case, is related to how much charge is needed to overcome that initial
    threshold voltage which will turn on the BJT. Same principle as
    before, if you want to sink a lot of current with the NPN then you
    need a BJT with a large charge density because the diode will be
    larger, and need more charge to make the inherent diode be forward
    bias.

    I am pretty sure I am correct on all this, but if I am wrong, I would
    love to learn the correct answer.

    Dave
     
  4. Cospan

    Cospan Guest

    There are two main types of transistors: the BJT, and MOSFET, It
    sounds like you are talking about the BJT. Both of these have
    negative, and positive analogies. BJT has NPN, and PNP, while MOSFETs
    have NMOS, and PMOS.

    Here is the NMOS:

    MOSFET: Voltage controlled current amplifier (use voltage to control
    the amount of current the device will sink)

    There are three terminals: Source, Drain, and Gate.

    the gate is like a faucet control knob, which controls the current
    across the source to drain. The gate is also one side of a capacitor,
    the other side of the capacitor is the substrate, or path for current
    to flow from source to drain. Since the gate is a capacitor there is a
    separation (or dielectric) between the substrate, and the gate. The
    only way for the gate to control the flow of current is with an
    electric field, which is controlled by the charge on the gate. The
    reason why it is a charge density, as apposed to just a charge is
    because there are many different types of NMOS's which allow for
    larger or smaller amount of current. If you are doing some heavy
    lifting (like running an amplifier, or driving a motor for an RC car)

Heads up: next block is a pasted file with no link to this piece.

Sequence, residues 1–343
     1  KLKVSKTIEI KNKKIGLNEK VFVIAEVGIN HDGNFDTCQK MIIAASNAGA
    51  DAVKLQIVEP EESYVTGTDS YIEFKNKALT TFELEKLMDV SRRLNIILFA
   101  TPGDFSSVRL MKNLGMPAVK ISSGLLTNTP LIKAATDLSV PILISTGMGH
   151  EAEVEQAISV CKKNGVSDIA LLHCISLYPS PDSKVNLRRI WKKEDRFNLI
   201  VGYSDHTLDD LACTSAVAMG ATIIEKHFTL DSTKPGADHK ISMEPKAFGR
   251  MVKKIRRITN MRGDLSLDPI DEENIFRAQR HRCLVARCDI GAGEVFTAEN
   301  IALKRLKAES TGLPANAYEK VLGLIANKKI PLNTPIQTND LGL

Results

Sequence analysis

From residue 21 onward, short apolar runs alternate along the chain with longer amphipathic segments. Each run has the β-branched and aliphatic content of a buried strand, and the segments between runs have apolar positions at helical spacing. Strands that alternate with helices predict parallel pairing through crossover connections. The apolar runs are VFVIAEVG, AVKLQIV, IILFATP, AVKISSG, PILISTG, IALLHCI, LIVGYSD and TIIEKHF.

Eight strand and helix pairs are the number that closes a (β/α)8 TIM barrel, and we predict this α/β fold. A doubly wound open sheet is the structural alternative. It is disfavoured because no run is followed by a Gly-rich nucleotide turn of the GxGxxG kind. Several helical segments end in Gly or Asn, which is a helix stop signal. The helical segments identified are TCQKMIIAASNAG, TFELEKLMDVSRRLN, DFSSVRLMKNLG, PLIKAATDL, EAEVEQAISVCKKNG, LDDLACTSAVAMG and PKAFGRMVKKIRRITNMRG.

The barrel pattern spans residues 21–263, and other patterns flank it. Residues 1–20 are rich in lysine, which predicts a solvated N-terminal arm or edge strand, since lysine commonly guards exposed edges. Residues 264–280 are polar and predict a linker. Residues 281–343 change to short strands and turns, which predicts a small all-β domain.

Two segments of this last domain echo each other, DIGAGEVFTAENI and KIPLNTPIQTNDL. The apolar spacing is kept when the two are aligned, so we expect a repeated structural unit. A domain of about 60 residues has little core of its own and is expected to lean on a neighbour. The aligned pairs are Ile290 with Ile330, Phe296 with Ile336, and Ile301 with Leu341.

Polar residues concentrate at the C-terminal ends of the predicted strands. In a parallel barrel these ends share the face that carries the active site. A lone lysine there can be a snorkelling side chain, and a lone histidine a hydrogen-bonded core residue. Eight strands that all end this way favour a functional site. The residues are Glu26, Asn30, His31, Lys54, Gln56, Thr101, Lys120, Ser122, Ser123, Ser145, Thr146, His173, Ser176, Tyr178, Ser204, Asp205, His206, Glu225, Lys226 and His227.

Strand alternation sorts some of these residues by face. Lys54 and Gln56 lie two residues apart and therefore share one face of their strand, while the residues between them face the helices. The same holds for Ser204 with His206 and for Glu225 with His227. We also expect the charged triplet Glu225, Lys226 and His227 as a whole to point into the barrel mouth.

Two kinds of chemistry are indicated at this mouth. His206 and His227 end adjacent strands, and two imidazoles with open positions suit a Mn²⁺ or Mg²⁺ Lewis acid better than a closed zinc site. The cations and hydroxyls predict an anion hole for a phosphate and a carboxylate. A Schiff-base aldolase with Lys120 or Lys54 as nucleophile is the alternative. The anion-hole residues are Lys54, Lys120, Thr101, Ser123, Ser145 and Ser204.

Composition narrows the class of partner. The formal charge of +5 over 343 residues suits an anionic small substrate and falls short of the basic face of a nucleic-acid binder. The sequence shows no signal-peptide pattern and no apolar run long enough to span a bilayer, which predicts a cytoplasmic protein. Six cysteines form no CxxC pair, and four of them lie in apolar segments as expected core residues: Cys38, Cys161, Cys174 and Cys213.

you need a large gate, that can force the substrate to make a very low
    resistive path, but if you have something small like, logic
    transistors, then you really don't want to be wasting your energy
    pushing and pulling a lot of charge into and out of the gate of a FET.
    So the density is relative to the amount of current, and in turn the
    amount of power flowing through the transistor.

    The reason why there is a NMOS, and PMOS is because to say we have 1V
    would mean nothing if there was nothing to refer it to. Normally when
    it is said to be 1V, it is implied 1V with respect to ground. An NMOS
    means that you need to generate a positive voltage, which will push a
    charge into the gate, with respect to the drain of the transistor.

    in other words here is a narative.

    I have a NMOS I wish to use to control current flowing from the source
    to the drain, I must supply a voltage to the gate relative to the
    drain in order to allow a voltage to flow through. If the MOSFET is
    made for high current, it is going to need more charge on the gate to
    raise the voltage to control the output.


    BJT's on the other hand are current controlled current amplifiers (use
    current to control the amount of current it sinks), and the three
    terminals include: collector, emitter, and base. if you are looking at
    an npn, it has some similarities to the NMOS. The npn needs to
    generate a threshold voltage across the base and emitter, like the
    gate, and drain of a FET, but this is where it changes. The BJT will
    amplify the amount of current that you send through the base and
    emitter, by some amount (usually 20). The charge density, in this
    case, is related to how much charge is needed to overcome that initial
    threshold voltage which will turn on the BJT. Same principle as
    before, if you want to sink a lot of current with the NPN then you
    need a BJT with a large charge density because the diode will be
    larger, and need more charge to make the inherent diode be forward
    bias.

    I am pretty sure I am correct on all this, but if I am wrong, I would
    love to learn the correct answer.

    Dave